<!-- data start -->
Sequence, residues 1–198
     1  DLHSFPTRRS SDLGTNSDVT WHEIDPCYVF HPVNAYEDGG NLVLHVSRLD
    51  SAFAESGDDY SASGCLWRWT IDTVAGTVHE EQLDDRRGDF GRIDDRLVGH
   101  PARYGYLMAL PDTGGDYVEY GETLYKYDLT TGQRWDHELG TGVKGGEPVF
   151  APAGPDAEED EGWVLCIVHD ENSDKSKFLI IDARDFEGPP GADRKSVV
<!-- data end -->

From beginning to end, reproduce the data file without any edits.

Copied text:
Sequence, residues 1–198
     1  DLHSFPTRRS SDLGTNSDVT WHEIDPCYVF HPVNAYEDGG NLVLHVSRLD
    51  SAFAESGDDY SASGCLWRWT IDTVAGTVHE EQLDDRRGDF GRIDDRLVGH
   101  PARYGYLMAL PDTGGDYVEY GETLYKYDLT TGQRWDHELG TGVKGGEPVF
   151  APAGPDAEED EGWVLCIVHD ENSDKSKFLI IDARDFEGPP GADRKSVV